When I finally saw this picture hidden amongst my downloads, it turned out to elicit both surprise and regret. The surprise was that it was an after-thought – three or four frames taken after I’d taken pictures of the lower portion of this “rock pile”. After downloading, I didn’t even flag it and only accidentally came across it the other day. What I like about it is also my regret, namely the textures and the colour hidden in the rocks. Now that I see that, I realize there were a couple of abstracts begging to be created – that exquisite bit of rock face with the orange, for example or the area with all the purple lichen. Really, I could kick myself, but I just didn’t see it at the time. Or, I can’t really remember, but it may have been that I didn’t want to risk breaking my neck getting up there. Ah well, learning to see is such an important part of photography and this missed opportunity is a learning experience that I’ll keep in my back pocket. Still, it is a pretty dramatic image and I’d be most interested in what it elicits for you, the reader. I’d be interested in any technical feedback especially with regards to colour. Thanks for taking the time. I look forward to your feedback.


Your experience with this photo provides some good reminders and lessons to us all. The rock is fabulous with all the various textures and colors. I think the composition is good. The only thing I have to comment on otherwise is that, to my eye, the background seems to draw too much attention.

Beautifully processed. The collection of rocks have quite a personality. I do see some excellent intimates on that rock face. I have been passing up great potential ones as well due to how hard it is to get there so I can’t blame you.

Perhaps a bit less saturation would do the trick. On the other hand the sky is pretty pale so you do want something to make up for that.

Stunning detail in the rocks, Kerry. A great reminder to all of us to stop and take the time to really look from all angles and perspectives. Thanks for the reminder.

I like how you used the shallow depth of field to make the subject stand out in the composition. The blurred background provides enough detail that it provides a sense of place, but blurring out the background makes the textures on the rocks stand out even more.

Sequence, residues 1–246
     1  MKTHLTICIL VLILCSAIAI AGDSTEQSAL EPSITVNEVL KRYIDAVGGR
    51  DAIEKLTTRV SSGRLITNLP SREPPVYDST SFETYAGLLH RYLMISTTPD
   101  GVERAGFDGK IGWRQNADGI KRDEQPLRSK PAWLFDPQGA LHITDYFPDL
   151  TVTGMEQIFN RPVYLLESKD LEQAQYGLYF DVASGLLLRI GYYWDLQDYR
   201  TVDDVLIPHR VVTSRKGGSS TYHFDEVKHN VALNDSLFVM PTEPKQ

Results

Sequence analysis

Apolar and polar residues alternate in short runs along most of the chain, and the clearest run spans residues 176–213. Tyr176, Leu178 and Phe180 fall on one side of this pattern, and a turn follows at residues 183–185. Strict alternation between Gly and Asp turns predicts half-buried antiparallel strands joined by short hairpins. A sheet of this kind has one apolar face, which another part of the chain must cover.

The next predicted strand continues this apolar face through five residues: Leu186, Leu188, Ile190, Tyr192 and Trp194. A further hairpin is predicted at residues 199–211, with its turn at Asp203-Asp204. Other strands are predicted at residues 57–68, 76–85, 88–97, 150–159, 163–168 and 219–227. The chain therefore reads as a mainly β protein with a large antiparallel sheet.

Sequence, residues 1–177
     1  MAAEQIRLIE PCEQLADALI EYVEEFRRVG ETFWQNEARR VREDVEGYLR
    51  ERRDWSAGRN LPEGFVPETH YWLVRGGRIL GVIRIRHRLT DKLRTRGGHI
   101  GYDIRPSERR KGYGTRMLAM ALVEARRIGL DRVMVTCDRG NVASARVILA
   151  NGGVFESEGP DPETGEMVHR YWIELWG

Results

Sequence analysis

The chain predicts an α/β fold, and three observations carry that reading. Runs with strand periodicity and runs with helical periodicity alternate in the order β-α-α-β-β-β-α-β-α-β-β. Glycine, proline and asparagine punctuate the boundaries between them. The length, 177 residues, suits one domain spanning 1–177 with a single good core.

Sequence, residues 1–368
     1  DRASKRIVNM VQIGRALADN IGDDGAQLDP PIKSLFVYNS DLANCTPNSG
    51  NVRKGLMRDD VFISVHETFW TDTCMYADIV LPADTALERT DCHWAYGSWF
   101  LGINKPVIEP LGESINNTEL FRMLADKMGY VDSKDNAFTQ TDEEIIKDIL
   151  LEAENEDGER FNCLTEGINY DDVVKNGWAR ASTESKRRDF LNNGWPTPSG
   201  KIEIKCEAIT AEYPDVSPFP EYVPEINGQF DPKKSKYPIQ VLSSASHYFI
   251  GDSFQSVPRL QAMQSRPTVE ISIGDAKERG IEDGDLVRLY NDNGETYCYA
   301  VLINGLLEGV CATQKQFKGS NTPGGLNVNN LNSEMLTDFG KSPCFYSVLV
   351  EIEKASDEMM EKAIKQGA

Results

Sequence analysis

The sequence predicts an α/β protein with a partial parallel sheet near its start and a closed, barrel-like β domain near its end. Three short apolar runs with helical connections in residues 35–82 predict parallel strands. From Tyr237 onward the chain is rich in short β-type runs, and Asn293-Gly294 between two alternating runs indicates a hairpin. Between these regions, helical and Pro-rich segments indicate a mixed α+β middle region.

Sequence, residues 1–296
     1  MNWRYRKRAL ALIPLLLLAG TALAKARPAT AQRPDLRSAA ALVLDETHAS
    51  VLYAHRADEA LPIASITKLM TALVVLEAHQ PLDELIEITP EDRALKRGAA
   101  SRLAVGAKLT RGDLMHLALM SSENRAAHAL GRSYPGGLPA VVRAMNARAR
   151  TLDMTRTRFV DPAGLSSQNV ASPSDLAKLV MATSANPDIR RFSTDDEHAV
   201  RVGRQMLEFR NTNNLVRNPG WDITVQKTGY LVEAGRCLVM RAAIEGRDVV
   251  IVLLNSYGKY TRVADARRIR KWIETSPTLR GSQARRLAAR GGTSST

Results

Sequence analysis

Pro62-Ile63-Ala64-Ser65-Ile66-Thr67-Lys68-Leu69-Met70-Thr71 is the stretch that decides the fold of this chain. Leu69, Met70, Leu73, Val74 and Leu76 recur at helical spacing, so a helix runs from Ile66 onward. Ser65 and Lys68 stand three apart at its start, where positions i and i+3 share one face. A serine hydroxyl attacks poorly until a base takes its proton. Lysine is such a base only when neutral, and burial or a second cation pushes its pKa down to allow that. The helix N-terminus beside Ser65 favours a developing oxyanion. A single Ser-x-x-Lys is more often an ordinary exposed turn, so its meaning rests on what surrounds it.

The good news - that is if you have the pixels, is that at least with a severe crop you still might be able t salvage a fascinating rock abstract. The colors, texture and detail are excellent when viewing the large version.

The composition as presented is nicely handled. The selective focus, dof, is appropriate - you might even think about blurring a teenie bit more and as Chris suggested, drop the sat a tad bit. but that’s all subjective of course.

I see a square crop in here that removes the sky and the brighter rock-top on the left edge. But then I worry you loose the context of the environment the bg provides.

Nice image to have “forgotten…” :slight_smile:

That rock has a lot of character and many possibilities for abstracts Kerry. I too like your depth of field but not sure what to do about the white sky.

What a find in your scrap heap! Good lesson learned for all of us about exploring all the options when on scene.
I played with it, and given my leaning for pushing color a bit, pushed color a bit. I found that curves in the sky exposed some interesting gradations of brightness there, but I did not do much with it.

@Chris_Baird , @Igor_Doncov , @linda_mellor , @Brian_Schrayer , @Lon_Overacker , @Eva_McDermott , @Dick_Knudson - Thank you all for your comments and suggestions. I have posted a rework where I lowered the background saturation and added a bit more blur. I added a bit of mid-tone contrast to the central formation and tried to bring up the sky a bit more so it isn’t quite as stark. Hey, there’s only so much I can do to make an afterthought into something more.
@Lon_Overacker - I had thought about doing a super crop for an abstract but it really is futile. First, it is a ridiculous amount of cropping but second, and more importantly, even if such an extreme crop was successful, it isn’t the picture I want. Sometimes you have to lick your wounds and move on :smiling_face_with_tear:

1 Like

Kerry, the rework hits the spot. It certainly makes the foreground rock formation stand out a bit more. Boy, do you have some incredible rock formations that are just begging for an intimate scene. Good that you went back and found this in the scrap pile. 1, it makes a really nice standout image on it’s own but 2, you can now go back to this location and gather at least one or two intimate images from here. That section of the main Totem at the base where it is yellow and green would make a terrific intimate. so would al of those triangular rocks in the pile below.
Oh, and just to the left of the Totem, there is a section of the background that appears to have been accidentally sharpened from the shoreline up to the top of the trees.

@David_Haynes - Given that it took two weeks to paddle in there, chances are about zero to nil that we will ever get back to the exact location. But I don’t think it is about going back so much as developing my eye for this kind of image - there’s no end of opportunities. With respect to intimate images, you have developed your eye marvellously and that is becoming a source of inspiration for me.
Good eye, by the way on the artifacts on the right side of the frame. I had cleaned up that bit on the edge with Content Aware Fill and when I went back and altered the contrast I forgot to update.